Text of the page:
The NCAA Convention is taking place down in Orlando, Florida in just a few days, and while the legislative proposals don't necessarily have an earth-shattering revelation among the items being presented, there are topics that Division I programs have brought to the table that could have some far reaching impact.
One of the more important issues being presented and considered is requiring schools to make mental health services and resources available to student athletes.
According to the NCAA release:
"The proposal is the latest move to improve the college experience for student-athletes and underscores the commitment to all aspects of student-athlete health. If adopted, the rule would require schools to make mental health services and resources available through the athletics department and/or the institution’s health services or counseling services department. In addition, schools must distribute mental health educational materials and resources, including a guide to the mental health services and resources available at the school and information regarding how to access them, to student-athletes throughout the year."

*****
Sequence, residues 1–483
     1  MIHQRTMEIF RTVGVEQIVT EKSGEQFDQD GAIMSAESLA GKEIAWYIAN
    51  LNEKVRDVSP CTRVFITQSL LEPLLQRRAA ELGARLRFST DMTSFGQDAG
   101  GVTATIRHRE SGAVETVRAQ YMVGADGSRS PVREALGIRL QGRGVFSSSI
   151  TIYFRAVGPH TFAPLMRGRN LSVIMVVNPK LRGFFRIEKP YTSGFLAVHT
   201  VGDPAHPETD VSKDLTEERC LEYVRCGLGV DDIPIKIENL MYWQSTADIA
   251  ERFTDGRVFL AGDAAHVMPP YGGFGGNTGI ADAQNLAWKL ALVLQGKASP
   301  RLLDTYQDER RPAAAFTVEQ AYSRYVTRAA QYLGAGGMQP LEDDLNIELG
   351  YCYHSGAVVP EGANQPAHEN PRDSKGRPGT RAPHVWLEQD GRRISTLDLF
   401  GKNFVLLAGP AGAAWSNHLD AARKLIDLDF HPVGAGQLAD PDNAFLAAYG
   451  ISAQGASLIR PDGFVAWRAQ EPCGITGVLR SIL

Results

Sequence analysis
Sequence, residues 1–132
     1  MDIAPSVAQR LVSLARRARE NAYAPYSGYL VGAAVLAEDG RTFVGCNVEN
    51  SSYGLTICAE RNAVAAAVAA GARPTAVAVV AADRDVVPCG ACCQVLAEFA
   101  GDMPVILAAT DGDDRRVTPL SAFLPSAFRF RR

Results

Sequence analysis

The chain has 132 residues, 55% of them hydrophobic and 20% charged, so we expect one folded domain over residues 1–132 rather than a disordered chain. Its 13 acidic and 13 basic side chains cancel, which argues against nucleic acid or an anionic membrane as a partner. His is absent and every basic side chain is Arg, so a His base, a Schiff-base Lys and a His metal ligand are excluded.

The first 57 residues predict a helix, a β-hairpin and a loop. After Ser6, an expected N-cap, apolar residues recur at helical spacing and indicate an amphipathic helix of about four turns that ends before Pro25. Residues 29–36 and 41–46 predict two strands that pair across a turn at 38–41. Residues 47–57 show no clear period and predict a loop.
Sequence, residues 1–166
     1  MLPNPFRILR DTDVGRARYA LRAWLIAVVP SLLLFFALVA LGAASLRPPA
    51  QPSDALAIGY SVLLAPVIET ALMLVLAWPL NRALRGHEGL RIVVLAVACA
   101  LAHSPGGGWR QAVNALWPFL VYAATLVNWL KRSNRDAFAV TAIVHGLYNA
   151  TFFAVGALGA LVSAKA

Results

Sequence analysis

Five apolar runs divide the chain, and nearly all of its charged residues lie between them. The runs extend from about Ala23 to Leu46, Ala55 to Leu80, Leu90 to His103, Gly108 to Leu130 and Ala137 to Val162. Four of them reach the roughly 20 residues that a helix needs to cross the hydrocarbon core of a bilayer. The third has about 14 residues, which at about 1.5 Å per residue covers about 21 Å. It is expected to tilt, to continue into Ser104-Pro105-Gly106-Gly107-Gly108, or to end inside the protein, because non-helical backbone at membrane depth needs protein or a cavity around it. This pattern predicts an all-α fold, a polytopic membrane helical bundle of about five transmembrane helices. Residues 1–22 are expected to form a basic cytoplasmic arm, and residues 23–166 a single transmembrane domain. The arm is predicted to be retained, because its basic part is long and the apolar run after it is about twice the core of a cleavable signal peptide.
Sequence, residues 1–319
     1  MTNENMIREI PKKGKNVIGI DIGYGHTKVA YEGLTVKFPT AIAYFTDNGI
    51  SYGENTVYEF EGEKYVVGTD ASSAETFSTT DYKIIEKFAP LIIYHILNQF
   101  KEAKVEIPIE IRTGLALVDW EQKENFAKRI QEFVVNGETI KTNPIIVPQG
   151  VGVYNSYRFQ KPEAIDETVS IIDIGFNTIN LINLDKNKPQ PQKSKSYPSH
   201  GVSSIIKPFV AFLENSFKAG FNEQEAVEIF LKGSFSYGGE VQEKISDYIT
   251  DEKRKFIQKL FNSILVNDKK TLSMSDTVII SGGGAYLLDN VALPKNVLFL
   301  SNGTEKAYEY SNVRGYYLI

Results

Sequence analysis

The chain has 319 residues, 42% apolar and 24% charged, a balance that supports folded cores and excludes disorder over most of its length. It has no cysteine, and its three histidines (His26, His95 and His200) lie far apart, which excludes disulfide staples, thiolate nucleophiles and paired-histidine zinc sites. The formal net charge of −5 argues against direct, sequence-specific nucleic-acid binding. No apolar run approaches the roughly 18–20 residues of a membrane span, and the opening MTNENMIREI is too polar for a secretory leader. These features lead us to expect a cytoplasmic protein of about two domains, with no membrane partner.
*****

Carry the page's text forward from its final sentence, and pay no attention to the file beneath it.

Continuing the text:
Stories like the suicide of former Washington State quarterback Tyler Hilinski, including an increasing awareness and continued conversation of mental issues on the national stage, have helped to bring this important issue to the NCAA Convention docket.
Other proposals being presented are; replacing the terms "relatives" and "parents" or "legal guardians" with "family members in all autonomy provisions; providing housing and meals for student athletes participating in summer activities before the initial summer school enrollment, and to those not enrolled in summer school; allowing schools to arrange for parking on unofficial visits, allowing omega-3 fatty acids to student athletes, and allowing for an end-of-season team meeting during the required off week from athletic activities.
The ACC, Big Ten, Big 12, Pac-12 and SEC will consider the proposals during the convention on January 24th.